Wave Pool Reviews by You: The Wave with Nick and Hannah

Search “wave pool” through social platforms and you’ll find a hive of influencers and pros claiming “best pool ever.” But what about us mortal surfers who have to trade hard-earned currency for a crack at perfect waves. We might feel differently after sinking a day’s wage for some surf time. Doesn’t our opinion count? Sure there is Trip Advisor, but it’s KarenLand – a minefield of complaints about the Cappucino foam being too airy or whatever.

Consider this installment on WavePoolMag a platform for the proletariat, the neighborhood bro and Jane Doe. Each month we will ask a dedicated wave pool surfer to deliver some quick thoughts on an artificial surf spot they’ve visited. It’s not rocket science or a complete guide (a sample of which you can find on our YouTube channel.) but it’s a fun peek into the world’s wave pools from a consumer standpoint.

This month Neil “Moonwalker” Armstrong spoke with Hannah Bristow and Nicholas Copeland.

Californian Nick Copeland is in England quite a bit. He surfs The Wave a handful of times each year.

Located just north of Bristol (the most populous city in the SW region) in the rolling green hills of the English countryside, you’ll find The Wave. Surely the most exciting thing that’s happened in England since the Beatles all went to the same hairdresser.

For Nick Copeland, a Californian who lives in France but travels frequently to London for work, The Wave is his go-to pool and he surfs it about every three months.

“I enjoy it to be honest. Good enough to get exercise and enjoy the atmosphere,” said Nick. “But I don’t believe surfing The Wave is going to improve my surfing, I’ve been surfing for over 45 years, so this is just another outlet to keep me balanced.”

Nick says the vibe at The Wave, while friendly, is more reserved than what he’s used to in California.

“My first surf at The Wave was surreal. I’m used to hooting my mates into waves, and in general, the UK surfers are very quiet. Not nearly as noisy as the Californian crew I’m used to. Having said that, the ambiance is good but just a bit subdued. People are friendly.”

When The Wave first opened the highest public setting was “advanced.” But the park now offers heavier sessions.

“My favorite wave is the Expert Turns setting,” said Nick. “It’s the highest one I’ve been on. The only issue in the UK is that that surfing level isn’t so high, so not too many people can surf the higher settings, from what I’ve seen.”

Nick says he usually spends about £45 to £50 (US$60-$67) a session.

“It’s great value in my book. Saves on gas, car maintenance, and dispels any question about getting waves when you go. It doesn’t replace the ocean by a long shot, but is a great option.”

We pressed Nick on where The Wave could improve its services and offerings.

“I can’t think of anything that could be improved upon for wave pools except for maybe longer wavelength. They all seem to be going in the right direction.”

Hannah taking shelter from the snowfall during a February session. Photo Image Cabin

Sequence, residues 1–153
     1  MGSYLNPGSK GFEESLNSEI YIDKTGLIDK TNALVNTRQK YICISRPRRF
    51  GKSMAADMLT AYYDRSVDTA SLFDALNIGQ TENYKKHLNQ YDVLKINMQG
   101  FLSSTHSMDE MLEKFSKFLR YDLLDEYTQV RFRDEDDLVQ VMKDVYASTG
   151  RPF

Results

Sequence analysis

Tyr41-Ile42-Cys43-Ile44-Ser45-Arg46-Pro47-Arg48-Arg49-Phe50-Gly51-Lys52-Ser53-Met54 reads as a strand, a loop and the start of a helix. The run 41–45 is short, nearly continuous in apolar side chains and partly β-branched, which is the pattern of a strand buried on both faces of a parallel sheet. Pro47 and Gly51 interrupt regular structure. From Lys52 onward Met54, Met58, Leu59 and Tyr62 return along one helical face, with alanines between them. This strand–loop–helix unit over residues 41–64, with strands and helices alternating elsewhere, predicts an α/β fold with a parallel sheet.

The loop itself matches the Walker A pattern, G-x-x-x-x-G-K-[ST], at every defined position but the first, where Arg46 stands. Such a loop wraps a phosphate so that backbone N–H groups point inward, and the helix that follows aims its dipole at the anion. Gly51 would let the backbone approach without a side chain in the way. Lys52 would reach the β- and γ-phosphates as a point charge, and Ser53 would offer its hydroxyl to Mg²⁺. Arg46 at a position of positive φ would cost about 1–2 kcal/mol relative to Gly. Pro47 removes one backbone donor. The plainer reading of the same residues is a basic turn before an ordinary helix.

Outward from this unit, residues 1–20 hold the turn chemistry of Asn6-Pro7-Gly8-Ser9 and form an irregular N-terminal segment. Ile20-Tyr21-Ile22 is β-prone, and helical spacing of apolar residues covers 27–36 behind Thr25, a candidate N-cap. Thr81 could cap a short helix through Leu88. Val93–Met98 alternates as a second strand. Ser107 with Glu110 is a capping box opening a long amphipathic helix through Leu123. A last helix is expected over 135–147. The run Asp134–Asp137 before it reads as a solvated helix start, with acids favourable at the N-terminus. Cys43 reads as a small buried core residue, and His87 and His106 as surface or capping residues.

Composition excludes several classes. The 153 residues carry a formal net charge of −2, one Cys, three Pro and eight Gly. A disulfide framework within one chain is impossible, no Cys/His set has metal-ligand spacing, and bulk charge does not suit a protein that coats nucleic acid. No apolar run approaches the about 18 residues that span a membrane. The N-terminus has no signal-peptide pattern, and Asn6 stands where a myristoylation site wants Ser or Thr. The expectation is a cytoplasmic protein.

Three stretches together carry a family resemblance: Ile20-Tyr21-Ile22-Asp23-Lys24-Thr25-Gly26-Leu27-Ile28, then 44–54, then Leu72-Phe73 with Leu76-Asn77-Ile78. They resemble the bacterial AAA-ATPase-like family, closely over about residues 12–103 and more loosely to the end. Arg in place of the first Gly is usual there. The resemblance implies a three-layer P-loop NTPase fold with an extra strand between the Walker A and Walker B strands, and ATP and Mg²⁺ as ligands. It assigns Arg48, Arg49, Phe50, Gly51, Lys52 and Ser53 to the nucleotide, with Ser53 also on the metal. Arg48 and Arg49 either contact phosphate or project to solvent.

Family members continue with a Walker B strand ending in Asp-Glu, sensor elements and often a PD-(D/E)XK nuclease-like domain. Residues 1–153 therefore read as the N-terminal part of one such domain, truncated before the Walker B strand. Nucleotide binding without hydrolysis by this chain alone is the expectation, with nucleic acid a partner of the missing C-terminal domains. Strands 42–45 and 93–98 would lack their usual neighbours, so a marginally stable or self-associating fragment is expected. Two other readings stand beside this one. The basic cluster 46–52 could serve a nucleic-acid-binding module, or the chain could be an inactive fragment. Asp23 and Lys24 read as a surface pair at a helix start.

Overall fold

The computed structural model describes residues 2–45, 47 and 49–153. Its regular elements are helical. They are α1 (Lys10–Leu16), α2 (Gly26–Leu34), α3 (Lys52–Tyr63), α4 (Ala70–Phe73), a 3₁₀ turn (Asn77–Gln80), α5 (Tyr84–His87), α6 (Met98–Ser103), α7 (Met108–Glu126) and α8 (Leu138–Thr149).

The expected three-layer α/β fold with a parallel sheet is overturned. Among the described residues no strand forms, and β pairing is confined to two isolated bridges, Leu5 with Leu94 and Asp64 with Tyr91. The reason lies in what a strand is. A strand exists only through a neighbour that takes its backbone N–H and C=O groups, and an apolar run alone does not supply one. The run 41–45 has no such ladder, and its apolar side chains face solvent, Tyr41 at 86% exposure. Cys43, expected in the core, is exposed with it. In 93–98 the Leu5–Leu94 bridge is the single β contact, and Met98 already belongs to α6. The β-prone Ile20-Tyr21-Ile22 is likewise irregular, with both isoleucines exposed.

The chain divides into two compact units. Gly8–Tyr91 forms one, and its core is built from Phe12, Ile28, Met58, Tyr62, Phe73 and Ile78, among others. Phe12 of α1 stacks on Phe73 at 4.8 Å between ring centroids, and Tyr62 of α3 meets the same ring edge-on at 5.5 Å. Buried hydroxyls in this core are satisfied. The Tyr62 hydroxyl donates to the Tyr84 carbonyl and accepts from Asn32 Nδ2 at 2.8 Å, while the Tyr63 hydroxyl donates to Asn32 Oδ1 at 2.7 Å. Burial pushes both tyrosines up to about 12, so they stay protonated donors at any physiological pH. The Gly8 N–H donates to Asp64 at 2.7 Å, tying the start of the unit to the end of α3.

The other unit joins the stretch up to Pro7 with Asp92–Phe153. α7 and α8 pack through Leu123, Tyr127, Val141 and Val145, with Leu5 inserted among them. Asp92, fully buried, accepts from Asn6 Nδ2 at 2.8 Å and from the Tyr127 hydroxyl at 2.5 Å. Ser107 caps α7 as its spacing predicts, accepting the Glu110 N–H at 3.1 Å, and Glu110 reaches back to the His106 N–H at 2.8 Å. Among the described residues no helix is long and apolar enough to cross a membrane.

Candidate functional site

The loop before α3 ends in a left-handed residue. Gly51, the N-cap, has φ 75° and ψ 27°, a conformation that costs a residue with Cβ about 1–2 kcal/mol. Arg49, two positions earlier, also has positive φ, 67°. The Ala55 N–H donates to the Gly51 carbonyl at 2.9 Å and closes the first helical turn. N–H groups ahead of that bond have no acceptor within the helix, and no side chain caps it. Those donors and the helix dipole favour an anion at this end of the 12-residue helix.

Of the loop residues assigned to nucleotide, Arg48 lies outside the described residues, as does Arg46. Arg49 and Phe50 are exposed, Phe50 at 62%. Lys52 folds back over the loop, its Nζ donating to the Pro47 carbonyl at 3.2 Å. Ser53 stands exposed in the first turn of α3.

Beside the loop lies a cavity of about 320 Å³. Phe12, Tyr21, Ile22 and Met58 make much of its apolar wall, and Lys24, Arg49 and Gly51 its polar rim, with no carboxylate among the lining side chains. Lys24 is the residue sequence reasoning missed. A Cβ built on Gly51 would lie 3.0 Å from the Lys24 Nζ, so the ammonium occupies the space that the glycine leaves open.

Local, Hannah Bristow, has been to The Wave seven times so far and tries to get there every couple of months.

“It’s a high-performance wave and no matter what the wind direction, you’re guaranteed a great surf,” said Hannah who also goes by the stage name Hannah Dorothy. “It’s a fairly easy takeoff and you can really work on turns/tricks/maneuvers. It’s also a great place to go when it’s flat on the coast. And at around £45 to £50 (US$60-$67) I definitely think it’s worth the money, as you know you’re gonna’ get good waves. Unlike surf trips where it’s completely weather dependent.”

Hannah is also constantly working to improve her surf game. She says the theater-like setup makes filming easy.

“Knowing that you’re going to get a long, clean wall, sections, and barrels makes it so much easier to work on technique, and I also like the fact that it’s so easy to film there – you don’t need a fancy camera.”

Top Image by Matt Austin/The Wave

The Wave, UK

Bristol’s wave pool attracts core UK surfers from the coast, urban Bristolites, and weekending Londoners. The Wavegarden Cove system is set for five different sessions: Beginner, Intermediate, Advanced, Advanced Plus, and Expert. Like Urbnsurf in Melbourne, which opened around the same time, The Wave has done a great job adjusting their wave offerings to suit clientele. The Advanced Plus and Expert sessions are popular and book out early with the Advanced Plus seeing 34 surfers (half on the lefts, half on the rights) while 28 surfers split the pool for the Expert session. 

Surf Technical Information: Advanced waves run between 4-to-6 feet while intermediate waves stay in the 2-foot-range. Rides run between 12-15 seconds on each section of the wave pool

Hours of operation/Seasonal Hours: The pool is open in Winter from 7am-8pm and surfing hours are from 8am to 3pm. Equinox months see 8am to 4pm pool hours for surfing. Summer surfing hours are longer

Hourly Cost

Advanced: $55 weekday // $70 weekend

Advanced Plus: $75

Expert: $83

Number of surfers in water: 17

Number of waves for each surfer per session: The Wave won’t provide an official count for how many waves a surfer can expect each session, but the unofficial count by users is between 10-12.

Single ride cost: $6.75 (Advanced+) – $7.50 (Expert)

Seconds per ride: 12 

Cost per second: 56¢ (Advanced+) – 62¢ (Expert)